|• swelling and slight blue discoloration of an arm or leg• severe pain in the abdomen ( acute abdomen)||Blood clots that block other blood vessels|
BLOOD CLOTS IN A FRIEND
What can happen if a blood clot forms in a vein?
- The use of combined hormonal contraceptives has been associated with an increased risk of blood clots in the vein (venous thrombosis ). However, these side effects are rare. They usually occur during the first year of using a combined hormonal contraceptive.
- If a blood clot forms in a vein in the leg or foot, it can lead to deep vein thrombosis (DVT).
- If a blood clot moves from the bone and stays in the lung, it can lead to a pulmonary embolism .
- In very rare cases, a blood clot can form in a vein in another organ such as the eye ( retinal venous thrombosis ).
When is the risk of developing a blood clot in a vein greatest?
The risk of developing a blood clot in a vein is greatest during the first year that you use combined hormonal contraceptives for the first time. The risk can also be higher if you start again with a combined hormonal contraceptive (same product or another product) after a break of 4 weeks or longer.
After the first year, the risk decreases, but it is always slightly higher than if you did not use a combined hormonal contraceptive.
When you stop using Qlaira, the risk of a blood clot returns to normal within a few weeks.
How big is the risk of developing a blood clot?
The risk depends on your natural risk of VTE and the type of combined hormonal contraceptive you are taking.
The total risk of a blood clot in the leg or lungs with Qlaira is small.
- Of 10,000 women who do not use a combined hormonal contraceptive and are not pregnant, about 2 develop a blood clot in one year.
- Of 10,000 women who use a combined hormonal contraceptive that contains levonorgestrel or norethisterone or norgestimate, about 5-7 develop a blood clot in a year.
- The risk of blood clots during treatment with Qlaira is about the same as for a combined hormonal contraceptive or a combined hormonal contraceptive containing levonorgestrel.
- The risk of blood clots varies depending on your medical history (see “Factors that may increase the risk of a blood clot” below).
|Risk of developing a blood clot during a year|
|Women who do not use the combined hormonal contraceptive pill and who are not pregnant||About 2 out of 10,000 women|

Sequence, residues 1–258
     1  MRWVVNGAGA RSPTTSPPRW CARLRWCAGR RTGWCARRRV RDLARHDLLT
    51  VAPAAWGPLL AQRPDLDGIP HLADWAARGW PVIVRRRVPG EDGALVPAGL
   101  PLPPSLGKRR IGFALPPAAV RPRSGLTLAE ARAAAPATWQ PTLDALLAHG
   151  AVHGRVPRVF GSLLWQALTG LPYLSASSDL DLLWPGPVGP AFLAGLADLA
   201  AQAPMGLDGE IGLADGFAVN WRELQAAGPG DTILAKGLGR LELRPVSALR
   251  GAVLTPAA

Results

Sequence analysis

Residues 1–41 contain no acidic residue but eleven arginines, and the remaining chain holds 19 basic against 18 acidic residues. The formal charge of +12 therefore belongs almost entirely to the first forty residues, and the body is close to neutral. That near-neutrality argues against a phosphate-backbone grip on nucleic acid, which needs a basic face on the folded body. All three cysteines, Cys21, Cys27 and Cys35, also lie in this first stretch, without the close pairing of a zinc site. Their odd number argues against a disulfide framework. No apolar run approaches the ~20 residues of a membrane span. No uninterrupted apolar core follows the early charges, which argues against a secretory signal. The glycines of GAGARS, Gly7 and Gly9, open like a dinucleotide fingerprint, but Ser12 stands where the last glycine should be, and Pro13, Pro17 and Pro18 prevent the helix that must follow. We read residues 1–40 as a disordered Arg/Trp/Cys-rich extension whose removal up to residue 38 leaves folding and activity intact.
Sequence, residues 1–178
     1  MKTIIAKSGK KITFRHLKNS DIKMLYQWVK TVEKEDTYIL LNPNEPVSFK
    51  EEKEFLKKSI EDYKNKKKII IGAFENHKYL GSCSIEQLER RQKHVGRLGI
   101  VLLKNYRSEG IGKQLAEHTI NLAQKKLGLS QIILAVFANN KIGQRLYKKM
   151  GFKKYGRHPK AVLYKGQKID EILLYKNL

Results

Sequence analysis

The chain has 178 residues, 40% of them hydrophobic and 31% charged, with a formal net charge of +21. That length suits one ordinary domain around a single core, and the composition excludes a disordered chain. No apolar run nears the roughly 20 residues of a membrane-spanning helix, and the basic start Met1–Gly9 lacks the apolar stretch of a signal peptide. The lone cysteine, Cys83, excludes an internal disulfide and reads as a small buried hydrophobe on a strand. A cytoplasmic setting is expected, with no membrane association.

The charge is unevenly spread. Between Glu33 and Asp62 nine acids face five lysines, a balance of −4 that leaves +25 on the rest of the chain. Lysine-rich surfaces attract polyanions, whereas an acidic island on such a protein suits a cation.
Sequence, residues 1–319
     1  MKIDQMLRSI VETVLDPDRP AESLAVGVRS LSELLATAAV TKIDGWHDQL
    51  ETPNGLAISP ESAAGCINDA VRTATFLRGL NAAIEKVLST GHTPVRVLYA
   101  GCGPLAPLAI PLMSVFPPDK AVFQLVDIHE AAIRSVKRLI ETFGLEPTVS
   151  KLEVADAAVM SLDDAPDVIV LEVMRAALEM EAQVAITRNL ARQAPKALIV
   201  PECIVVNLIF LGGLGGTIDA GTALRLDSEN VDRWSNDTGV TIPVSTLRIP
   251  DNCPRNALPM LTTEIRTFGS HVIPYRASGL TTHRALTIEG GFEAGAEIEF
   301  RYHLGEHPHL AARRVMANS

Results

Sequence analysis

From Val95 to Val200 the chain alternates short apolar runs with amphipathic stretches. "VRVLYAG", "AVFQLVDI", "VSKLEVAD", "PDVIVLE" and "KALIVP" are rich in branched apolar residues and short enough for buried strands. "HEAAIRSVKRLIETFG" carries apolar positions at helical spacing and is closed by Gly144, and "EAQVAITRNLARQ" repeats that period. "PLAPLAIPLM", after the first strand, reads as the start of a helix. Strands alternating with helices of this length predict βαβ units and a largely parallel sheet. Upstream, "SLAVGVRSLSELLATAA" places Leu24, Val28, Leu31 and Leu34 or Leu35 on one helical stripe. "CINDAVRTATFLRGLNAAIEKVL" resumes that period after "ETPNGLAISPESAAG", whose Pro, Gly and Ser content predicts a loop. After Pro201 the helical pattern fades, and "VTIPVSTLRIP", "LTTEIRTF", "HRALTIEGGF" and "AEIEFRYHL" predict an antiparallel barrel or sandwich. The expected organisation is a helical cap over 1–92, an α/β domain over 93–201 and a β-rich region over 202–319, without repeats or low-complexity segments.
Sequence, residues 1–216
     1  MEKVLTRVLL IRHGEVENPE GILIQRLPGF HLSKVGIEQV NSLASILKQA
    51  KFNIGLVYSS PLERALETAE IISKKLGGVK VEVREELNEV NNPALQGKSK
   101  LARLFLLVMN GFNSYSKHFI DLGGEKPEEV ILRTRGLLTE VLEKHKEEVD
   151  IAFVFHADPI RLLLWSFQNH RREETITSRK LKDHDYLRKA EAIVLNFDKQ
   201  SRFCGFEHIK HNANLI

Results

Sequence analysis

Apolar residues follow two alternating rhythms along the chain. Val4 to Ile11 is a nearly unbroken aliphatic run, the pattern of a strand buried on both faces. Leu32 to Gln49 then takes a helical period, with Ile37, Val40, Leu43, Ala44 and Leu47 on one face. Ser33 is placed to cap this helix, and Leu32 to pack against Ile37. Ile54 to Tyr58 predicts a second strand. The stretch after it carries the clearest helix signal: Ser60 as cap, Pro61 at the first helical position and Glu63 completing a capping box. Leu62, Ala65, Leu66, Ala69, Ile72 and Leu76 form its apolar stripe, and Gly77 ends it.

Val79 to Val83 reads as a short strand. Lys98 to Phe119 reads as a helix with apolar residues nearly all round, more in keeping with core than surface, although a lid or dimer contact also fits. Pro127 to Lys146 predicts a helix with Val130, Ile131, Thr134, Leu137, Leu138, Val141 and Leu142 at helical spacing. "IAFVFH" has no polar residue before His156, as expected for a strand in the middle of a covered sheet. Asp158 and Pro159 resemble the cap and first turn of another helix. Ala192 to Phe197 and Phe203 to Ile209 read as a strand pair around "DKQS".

|Women using a combined hormonal contraceptive containing levonorgestrel, norethisterone, or norgestimate||About 5-7 out of 10,000 women|
|Women using Qlaira||Approximately the same as for a combined hormonal contraceptive or a combined hormonal contraceptive containing levonorgestrel|
Factors that may increase the risk of a blood clot in a vein
The risk of a blood clot with Qlaira is small but some conditions increase the risk. The risk is higher:
- if you are overweight (body mass index or BMI over 30 kg / m 2 )
- if someone in your family has had a blood clot in the bones, lungs, or another organ at a young age (eg under 50 years) In this case you may have a hereditary blood clotting disease
- if you need to undergo surgery or stay in bed for an extended period due to injury or illness, or if your leg is plastered. The use of Qlaira may need to be stopped for several weeks before an operation or while you are less mobile. If you have to stop taking Qlaira, ask your doctor when you can start taking it again
- with increasing age (especially if you are over 35 years old)
- if you gave birth a few weeks ago
The more conditions you have, the greater the risk of developing a blood clot.
Air travel (over 4 hours) can temporarily increase the risk of a blood clot, especially if you have any of the other factors listed here.
It is important that you tell your doctor if any of these conditions apply to you, even if you are unsure. Your doctor may decide that you need to stop taking Qlaira.
If any of the above conditions change when you use Qlaira, such as close relative suffering from a blood clot for an unknown reason, or you gain a lot of weight, talk to your doctor.
BLOOD CLOTS IN AN ART
What can happen if a blood clot forms in an artery ?
In the same way as a blood clot in a vein, a clot in an artery can lead to serious problems. It can e.g. cause a heart attack or stroke.
Factors that may increase the risk of a blood clot in an artery
It is important to know that the risk of a heart attack or stroke due to the use of Qlaira is very small but may increase: